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Chapter 9

Introduction to WebGPU

This chapter introduces WebGPU, the new graphics API for the web. WebGPU has been under development for several years, but it is only recently that it has begun to be included as a standard feature in web browsers. In some browsers, you might find that it is available as an experimental feature that has to be explicitly enabled before it can be used. Some browsers might not support it at all.

WebGPU will not replace WebGL, which will continue to be well-supported in almost all browsers for the foreseeable future. However, WebGL, like the OpenGL API on which it is based, is not likely to see much further development. WebGPU, on the other hand, is inspired by and similar to modern graphics APIs such as Vulkan, Direct3D, and Metal, and it is likely to evolve along with those APIs. So WebGPU should be thought of as the Web graphics API of the future.

WebGPU is similar to WebGL in many ways. For example, it has vertex shaders and fragment shaders, and a lot of the programmer's work involves managing the flow of data into and through the rendering pipeline. But WebGPU is an even lower level API than WebGL. It is more verbose, and it puts more responsibility on the programmer for managing details of the rendering process. At the same time, however, it gives the programmer more control, access to more powerful capabilities of modern GPUs, and the possibility of more efficient code.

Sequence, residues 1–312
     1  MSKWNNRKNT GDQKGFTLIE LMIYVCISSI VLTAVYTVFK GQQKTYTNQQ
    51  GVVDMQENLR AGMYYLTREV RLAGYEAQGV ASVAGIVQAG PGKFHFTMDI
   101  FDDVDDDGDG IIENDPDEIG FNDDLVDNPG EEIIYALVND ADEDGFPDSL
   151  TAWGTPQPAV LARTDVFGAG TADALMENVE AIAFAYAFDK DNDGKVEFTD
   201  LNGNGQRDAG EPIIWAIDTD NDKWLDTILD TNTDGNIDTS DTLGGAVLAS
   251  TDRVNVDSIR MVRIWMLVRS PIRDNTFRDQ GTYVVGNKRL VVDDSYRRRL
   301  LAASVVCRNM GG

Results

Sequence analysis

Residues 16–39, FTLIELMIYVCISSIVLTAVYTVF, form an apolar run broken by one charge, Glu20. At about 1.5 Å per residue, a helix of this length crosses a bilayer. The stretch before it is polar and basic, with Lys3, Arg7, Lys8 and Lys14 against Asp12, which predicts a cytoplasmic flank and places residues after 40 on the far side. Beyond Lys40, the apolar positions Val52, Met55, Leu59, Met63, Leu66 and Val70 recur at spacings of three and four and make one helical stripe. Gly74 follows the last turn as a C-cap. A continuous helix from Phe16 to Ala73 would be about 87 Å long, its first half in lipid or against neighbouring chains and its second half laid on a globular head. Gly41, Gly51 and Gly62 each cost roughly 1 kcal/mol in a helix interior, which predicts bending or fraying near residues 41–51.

The WebGPU specification is at https://www.w3.org/TR/webgpu/, but it is not very useful for learning. A simpler and more useful API reference can be found on the Mozilla Developer Network: https://developer.mozilla.org/en-US/docs/Web/API/WebGPU_API. Hopefully, though, this chapter has enough information to get you started with WebGPU.

As this chapter is being written in July 2023, the official WebGPU documentation describes itself as a "Working Draft." Some details need to be filled in, and there could still be some minor changes in the API. It is unlikely that changes in the final version will affect anything in this textbook, but that can't be guaranteed.

Contents of Chapter 9:

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